How to Write an Outline

For this week’s blog post, we’re going to take a look at how to create an outline. An outline is a rough idea for any written subject. Outlines are an easy and time-efficient way to understand complex subjects, and they can help you learn about what you want to write about in a paper and why. And if you follow these tips, you’ll have yours done in no time. Let’s get into it!

Before you start, it’s important to know what you’re going to write about. Your professor probably gave you a general topic, but what are you specifically going to write about? What do you want to write about? For situations like these, it might be best to have a brainstorming section first. Brainstorming is a chance to get all of your ideas down without having to worry about what you’re going to do with them. Think of it as a chance to let your mind wander until you find a topic/aspect of your topic that interests you.

For example, let’s say your Digital Marketing professor wants you to write about one of the forms of online promotion and why it is beneficial. A good way to brainstorm for this would be to write down everything you know about the forms online promotion and see if there’s anything that interests you:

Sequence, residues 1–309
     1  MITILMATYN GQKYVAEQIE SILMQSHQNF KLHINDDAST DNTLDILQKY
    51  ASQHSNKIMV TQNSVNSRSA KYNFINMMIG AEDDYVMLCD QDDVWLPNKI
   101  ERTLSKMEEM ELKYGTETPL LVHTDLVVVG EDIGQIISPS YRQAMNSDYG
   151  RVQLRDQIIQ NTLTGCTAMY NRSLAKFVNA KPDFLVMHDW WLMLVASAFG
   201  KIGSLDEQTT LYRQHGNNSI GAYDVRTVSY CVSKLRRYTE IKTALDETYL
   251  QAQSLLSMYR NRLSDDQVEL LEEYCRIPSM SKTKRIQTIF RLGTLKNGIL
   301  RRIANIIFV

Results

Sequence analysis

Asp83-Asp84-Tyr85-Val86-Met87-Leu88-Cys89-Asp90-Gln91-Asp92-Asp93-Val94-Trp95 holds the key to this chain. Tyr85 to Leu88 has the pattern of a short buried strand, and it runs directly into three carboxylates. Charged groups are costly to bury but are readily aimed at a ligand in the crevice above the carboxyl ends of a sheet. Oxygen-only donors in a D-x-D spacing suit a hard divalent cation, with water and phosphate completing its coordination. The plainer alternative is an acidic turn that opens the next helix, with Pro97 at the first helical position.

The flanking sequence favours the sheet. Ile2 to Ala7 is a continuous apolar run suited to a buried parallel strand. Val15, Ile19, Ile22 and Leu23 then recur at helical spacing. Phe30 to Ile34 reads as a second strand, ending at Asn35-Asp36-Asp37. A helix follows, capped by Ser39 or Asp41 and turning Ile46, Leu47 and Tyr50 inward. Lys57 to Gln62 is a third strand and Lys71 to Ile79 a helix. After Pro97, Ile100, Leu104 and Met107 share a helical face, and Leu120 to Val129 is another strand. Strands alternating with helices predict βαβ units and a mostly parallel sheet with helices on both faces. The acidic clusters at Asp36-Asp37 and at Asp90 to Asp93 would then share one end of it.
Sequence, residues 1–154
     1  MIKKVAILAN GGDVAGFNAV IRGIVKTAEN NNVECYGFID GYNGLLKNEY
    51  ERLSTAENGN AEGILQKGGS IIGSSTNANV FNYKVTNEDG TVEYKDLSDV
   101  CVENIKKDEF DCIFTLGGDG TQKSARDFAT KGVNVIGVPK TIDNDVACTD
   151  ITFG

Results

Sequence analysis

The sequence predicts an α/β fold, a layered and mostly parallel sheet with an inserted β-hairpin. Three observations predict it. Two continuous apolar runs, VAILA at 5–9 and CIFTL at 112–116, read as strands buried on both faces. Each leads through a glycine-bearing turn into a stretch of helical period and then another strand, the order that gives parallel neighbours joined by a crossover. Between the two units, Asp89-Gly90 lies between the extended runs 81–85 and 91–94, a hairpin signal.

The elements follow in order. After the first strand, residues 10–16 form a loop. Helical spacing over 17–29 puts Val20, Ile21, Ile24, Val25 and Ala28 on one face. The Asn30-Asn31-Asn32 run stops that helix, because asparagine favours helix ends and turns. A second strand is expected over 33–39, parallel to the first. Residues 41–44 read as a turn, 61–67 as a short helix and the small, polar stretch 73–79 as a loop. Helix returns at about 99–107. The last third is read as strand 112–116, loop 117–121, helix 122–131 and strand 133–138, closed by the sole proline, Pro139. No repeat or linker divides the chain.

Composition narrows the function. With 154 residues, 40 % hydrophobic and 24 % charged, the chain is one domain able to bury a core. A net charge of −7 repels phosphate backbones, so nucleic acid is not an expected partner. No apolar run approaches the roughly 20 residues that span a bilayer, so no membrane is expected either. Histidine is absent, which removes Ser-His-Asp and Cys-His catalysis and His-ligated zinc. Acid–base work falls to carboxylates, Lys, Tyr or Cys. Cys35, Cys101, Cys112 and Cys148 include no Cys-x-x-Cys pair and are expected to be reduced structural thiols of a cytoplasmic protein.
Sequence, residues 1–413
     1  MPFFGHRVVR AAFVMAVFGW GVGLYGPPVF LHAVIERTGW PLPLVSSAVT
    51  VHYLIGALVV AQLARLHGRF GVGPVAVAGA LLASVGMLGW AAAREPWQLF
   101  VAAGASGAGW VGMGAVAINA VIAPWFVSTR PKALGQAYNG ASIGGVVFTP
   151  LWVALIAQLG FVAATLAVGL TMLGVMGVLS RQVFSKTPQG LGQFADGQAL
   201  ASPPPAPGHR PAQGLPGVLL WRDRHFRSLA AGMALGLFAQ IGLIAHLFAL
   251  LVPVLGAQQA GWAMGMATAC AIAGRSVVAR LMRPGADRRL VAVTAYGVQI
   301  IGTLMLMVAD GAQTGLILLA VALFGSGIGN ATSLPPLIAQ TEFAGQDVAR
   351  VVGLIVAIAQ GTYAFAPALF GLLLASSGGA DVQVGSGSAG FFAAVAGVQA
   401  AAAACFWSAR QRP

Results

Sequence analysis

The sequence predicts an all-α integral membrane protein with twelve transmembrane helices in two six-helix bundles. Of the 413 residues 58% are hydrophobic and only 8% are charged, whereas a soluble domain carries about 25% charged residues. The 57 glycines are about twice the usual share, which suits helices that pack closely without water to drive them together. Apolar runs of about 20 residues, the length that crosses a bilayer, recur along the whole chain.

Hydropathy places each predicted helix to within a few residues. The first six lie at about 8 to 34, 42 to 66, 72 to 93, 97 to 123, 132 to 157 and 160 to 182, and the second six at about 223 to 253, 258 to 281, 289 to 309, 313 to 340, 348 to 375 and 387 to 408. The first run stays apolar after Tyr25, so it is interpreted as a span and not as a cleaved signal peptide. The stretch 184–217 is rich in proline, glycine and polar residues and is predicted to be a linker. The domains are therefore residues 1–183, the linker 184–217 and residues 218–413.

Once you have a better understanding of what you want to write about, you have to find your thesis statement. A thesis statement is essentially the main idea of your paper. It’s the specific viewpoint/opinion of your topic that you want to develop and explain to your audience. 

To continue the example: let’s say you’ve decided to write about blogs. Ideally, you’d try and craft a statement talking about what a blog is and how someone can use it for self-promotion:

When all that’s done, you want to organize your ideas through a bulleted list. You should have sections for your introduction, your main ideas, and your conclusion. In each of those sections, you should add what you want to talk about in them. Your introduction should include any relevant background information the audience needs to understand the subject. Your main points will include evidence to support them. And your conclusion will feature a restatement of your thesis and a review of your main points, and a potential call to action at the end of the post. At the end of everything, your outline should look something like this:

And that’s how you create an outline!  Remember, this is a great way to figure out what you want to do for an assignment before you even start writing. It may not be mandatory, but every little bit helps. Good luck and happy writing!